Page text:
The trend of the times included thematic cookbooks and texts of regional Italian traditions, including the Cucina regionale italiana (Regional Italian Cuisine) by Luigi Carnacina and Luigi Veronelli (1926-2004). There were also monographs by famous chefs and specialized essay on culinary history began to emerge between the Eighties and the Nineties, thanks to the incredible undertaking of Emilio Faccioli L'arte della cucina in Italia, (The Art of Italian Cuisine) Einaudi, 1987 and Claudio Benporat (Storia della gastronomia italiana, History of Italian Gastronomy) Mursia, 1990; Cucina italiana del Quattrocento, Convivialità italiana fra Tre e Quattrocento, Cucina e convivialità italiana del Cinquecento (Italian Cuisine of the 15th Century, Conviviality between the 14th and 15th Centuries, Italian Cuisine and Conviviality of the 16th Century) – all printed by Olshki); the studies of Piero Camporesi (1926–2007) – Il campo, il fuoco e la tavola, Il paese della fame, Il pane selvaggio, Le vie del latte (The field, the Fire and the Table, The Land of Fame, Wile Bread, The Milk Road) and the critical editions of Artusi, just to name a few. There are also the works of Massimo Montanari, the prolific author of the cycle of Convivio: storia e cultura dei piaceri della tavola (Convivium: history and culture of pleasure at the table) in three volumes published by Laterza; Storia dell'alimentazione (History of Food) in collaboration with Jean–Louis Flandrin, Laterza, 1997; Atlante dell'Alimentazione e della Gastronomia (Atlas of Food and Gastronomy) with François Sabban per UTET, 2004; and the publication, or re-publication, of numerous “historic” cookbooks and gastronomic manuscripts previously hidden in libraries or convents.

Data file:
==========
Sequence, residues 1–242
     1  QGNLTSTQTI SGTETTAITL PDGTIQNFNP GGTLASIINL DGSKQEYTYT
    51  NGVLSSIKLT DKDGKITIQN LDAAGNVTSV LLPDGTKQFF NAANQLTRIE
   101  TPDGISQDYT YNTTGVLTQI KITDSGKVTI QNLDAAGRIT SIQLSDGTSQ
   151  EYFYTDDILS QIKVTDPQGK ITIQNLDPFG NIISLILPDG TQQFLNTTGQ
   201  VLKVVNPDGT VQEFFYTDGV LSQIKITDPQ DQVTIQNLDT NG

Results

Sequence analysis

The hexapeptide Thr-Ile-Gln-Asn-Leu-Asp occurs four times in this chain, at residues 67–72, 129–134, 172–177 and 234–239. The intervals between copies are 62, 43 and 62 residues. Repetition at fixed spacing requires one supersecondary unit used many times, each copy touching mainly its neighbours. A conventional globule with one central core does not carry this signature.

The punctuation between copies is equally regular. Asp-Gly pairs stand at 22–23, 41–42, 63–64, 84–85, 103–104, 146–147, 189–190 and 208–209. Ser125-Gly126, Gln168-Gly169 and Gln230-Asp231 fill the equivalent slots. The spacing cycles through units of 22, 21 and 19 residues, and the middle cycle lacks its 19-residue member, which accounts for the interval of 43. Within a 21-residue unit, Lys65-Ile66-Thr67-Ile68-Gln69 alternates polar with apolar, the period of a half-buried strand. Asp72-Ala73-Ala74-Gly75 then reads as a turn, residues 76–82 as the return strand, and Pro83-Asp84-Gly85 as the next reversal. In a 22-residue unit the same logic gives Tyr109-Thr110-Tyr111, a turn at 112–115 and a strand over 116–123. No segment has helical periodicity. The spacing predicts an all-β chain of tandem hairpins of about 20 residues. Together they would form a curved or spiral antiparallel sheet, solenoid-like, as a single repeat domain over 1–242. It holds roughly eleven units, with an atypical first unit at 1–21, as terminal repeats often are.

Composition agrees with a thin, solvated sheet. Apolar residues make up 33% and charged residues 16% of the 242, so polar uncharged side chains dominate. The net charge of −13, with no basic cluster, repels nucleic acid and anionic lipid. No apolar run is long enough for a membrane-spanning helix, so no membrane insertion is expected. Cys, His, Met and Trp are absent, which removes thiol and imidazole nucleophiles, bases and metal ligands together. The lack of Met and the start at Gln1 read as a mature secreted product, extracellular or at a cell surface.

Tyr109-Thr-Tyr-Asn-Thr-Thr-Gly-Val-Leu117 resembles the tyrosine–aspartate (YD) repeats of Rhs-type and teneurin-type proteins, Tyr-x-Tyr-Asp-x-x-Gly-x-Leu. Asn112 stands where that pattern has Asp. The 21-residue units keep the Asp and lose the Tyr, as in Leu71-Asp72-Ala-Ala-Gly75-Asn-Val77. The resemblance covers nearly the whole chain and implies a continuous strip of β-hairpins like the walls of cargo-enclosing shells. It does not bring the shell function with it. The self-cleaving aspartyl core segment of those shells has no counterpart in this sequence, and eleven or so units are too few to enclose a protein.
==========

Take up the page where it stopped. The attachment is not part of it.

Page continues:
L'arte della cucina in Italia Ricettario nazionale della cucina regionale italianaTouring The Accademia Italiana della Cucina, the well-deserving associations of Italian culinary knowledge, fostered Italian cuisine with its magazine “Civiltà della tavola” (Civility at the Table); a long series of local conferences dedicated to gastronomic excellence; and the publication in the Eighties the Ricettario nazionale della cucina regionale italiana, a monumental collection of regional Italian recipes.
Food even became the central character of police and adventure stories. After the first attempts in the Seventies, gastronomic tourism grew considerably in the new millennium, as did food and wine travel guides.
These gastronomic guides  - like the legendary Touring Club Guide of 1931 to the authoritative Michelin, first published in Italian in 1955, and others – gave opinions and shifted the focus of society. The period of hunger is long gone and today people are searching for the identity of food, in terms of higher quality, in terms or certification and brand, reassurance and pleasure.

The pages in the gastronomic library extend way beyond any sort of synthesis. Therefore, it is wise to pause, after a long trip across seven centuries that encourages us to page through the evolution of taste in Italy. From here, we invite you to visit the digital library where the newest technology can offer you new flavors and experiences.